Log in

How new KCCA leadershhip can deliver Kampala to Promised Land

The Kampala skyline

The Kampala skyline

Tomorrow, Dorothy Kisaka and Eng David Ssali Luyimbazi will be sworn in as the new Kampala Capital City Authority (KCCA) executive director and deputy executive director respectively.

The duo inherit a KCCA technical wing facing major challenges of politics, disorder, corruption, poor infrastructure and drainage as well as a dented image. So, the Kisaka-Luyimbazi tandem has their work cut out to revamp Kampala.   

The incoming leadership of KCCA have little time to settle in. That is because they will confront a host of enormous challenges that require immediate attention and while also requiring them to make unpopular decisions. Already, Kampala was abruptly demarcated with a boda boda free zone that on July 27 saw police impound several motorcycles.

Meanwhile, heavy traffic congestion remains a menace in the city while street vendors have always posed a big headache for the past leadership. So, how Kisaka and Luyimbazi handle those problems will greatly affect the taxpayers’ money, the city’s reputation as well as the tense relations with the political wing headed by Lord Mayor Erias Lukwago.

Here is a rundown of some of the challenges whose solutions are dicey, and could carry consequences for their tenure in office and the city’s future.


There is no doubt KCCA is one of the most funded institutions in the country but at the same time, it is also one of the most corrupt. Reports by the Auditor General have always implicated KCCA as one of the most corrupt institutions.

Corruption is most rife in the directorate of Physical Planning, as discovered in various corruption probes, where officials have been implicated in the giving away of land not to mention approval of substandard structures.

Meanwhile, Andrew Kitaka, the outgoing KCCA executive director, hinted in an interview with The Observer last year that some officials in the Legal directorate were colluding with the public to lose cases so that KCCA pays out huge sums in terms of compensations.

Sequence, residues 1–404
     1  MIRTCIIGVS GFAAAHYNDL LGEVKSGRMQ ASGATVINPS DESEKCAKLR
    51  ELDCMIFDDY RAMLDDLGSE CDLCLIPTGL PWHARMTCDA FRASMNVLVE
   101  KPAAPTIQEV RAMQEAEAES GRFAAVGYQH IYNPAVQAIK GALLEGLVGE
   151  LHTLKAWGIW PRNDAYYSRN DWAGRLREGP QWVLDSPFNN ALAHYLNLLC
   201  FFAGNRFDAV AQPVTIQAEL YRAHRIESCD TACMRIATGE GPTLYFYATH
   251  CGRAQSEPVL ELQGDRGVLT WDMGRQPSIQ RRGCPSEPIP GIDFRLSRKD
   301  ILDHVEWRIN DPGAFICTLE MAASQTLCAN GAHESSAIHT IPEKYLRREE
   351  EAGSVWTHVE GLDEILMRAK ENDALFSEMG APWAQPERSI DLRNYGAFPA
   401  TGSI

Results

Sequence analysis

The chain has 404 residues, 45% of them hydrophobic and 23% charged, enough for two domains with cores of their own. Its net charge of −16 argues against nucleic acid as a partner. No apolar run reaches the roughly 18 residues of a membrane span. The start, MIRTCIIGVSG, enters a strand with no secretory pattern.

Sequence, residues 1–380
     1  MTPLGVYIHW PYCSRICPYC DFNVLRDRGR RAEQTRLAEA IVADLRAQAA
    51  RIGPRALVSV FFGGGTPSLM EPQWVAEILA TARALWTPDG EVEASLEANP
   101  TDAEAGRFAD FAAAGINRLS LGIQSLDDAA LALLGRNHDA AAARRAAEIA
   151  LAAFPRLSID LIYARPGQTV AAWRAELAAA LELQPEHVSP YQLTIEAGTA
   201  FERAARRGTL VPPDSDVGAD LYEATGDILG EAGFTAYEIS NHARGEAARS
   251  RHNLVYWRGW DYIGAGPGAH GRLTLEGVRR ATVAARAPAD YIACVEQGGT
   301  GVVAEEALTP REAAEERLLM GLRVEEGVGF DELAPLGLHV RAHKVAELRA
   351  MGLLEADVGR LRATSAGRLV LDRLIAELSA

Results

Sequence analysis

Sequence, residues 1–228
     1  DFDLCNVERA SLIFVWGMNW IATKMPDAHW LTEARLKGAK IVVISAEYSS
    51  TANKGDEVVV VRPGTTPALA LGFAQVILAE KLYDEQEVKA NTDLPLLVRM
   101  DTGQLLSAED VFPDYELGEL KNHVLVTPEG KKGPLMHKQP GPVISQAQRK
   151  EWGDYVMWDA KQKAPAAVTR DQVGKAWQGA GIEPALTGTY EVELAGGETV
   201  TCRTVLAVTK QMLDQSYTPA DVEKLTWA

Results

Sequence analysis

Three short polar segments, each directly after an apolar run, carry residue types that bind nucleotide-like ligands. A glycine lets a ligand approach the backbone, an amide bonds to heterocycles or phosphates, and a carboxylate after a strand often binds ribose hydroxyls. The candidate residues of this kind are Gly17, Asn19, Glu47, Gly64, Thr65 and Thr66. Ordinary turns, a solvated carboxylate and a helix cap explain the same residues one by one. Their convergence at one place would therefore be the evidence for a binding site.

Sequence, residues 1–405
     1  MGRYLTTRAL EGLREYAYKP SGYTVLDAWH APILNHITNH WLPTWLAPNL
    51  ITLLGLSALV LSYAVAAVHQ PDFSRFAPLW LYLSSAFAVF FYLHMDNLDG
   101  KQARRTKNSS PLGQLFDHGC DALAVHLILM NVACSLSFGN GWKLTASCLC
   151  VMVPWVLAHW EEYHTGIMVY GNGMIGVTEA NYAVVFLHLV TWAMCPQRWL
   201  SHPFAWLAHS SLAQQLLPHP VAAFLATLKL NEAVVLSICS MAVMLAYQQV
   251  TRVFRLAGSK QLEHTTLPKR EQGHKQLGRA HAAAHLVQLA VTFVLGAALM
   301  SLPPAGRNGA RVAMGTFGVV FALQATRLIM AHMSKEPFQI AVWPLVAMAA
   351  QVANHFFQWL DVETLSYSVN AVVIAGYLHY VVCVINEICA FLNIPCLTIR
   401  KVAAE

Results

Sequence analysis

In fact, Beti Kamya, the former minister for Kampala, asked the Auditor General last year to conduct a special audit into KCCA accounts after several cries from whistle-blowers.  

As the audit was ongoing, several senior staff tendered in their resignations to avoid being pushed away.
So, the new executive needs to be open about stamping out corruption and it should be seen to do so, not just talk about it.


All Kampala problems are most expressed through the infrastructure network, which clearly is not up to standard. The main road network is quite messy in spite of the huge donor-funded project while the drainage system is often exposed as inadequate during heavy rains.

It is reported President Museveni based on this problem to relieve Kitaka of his duties regardless of the fact it didn’t have much to do with him. At the moment, there are several road works ongoing but there is huge public scepticism about the quality of work, which the new leadership needs to address.


This is one of the oldest conundrums for all Kampala leaders and it remains a menace for the new executive. Matters are not helped by the fact that they form a huge block that is needed in the implementation of programmes as well as political capital.

How Kisaka and Luyimbazi address the vendors’ plight is a tricky situation but it is something they have to act on to create order in the city, regardless of whether the decision is popular or not.


From the education point, government schools in Kampala are declining by the day; both in academic performance and also size of land.

This is mainly a combination of two things; neglect with little funding, and land grabbers who have reduced the size of schools such as Nakasero Primary School and Kitante Primary School to mention a few. Some have been controversially relocated to pave way for business entities and in the worst case scenario; a few like Nabagereka Primary School have folded.


Since KCCA technical wing was created in 2011, there has always been many fights with the political wing, something that has sabotaged development in many aspects.

The law governing both sides remains somehow ambiguous and loops into the roles of each body, thereby creating a fertile ground for intrigue.

This power struggle also often attracts outside forces and it is something Kisaka and Luyimbazi need to quickly address if they are to have a smooth working relationship at KCCA.


Health experts have often warned that Kampala is sitting on a health time-bomb due to the poor sanitation in the city centre coupled with overcrowding.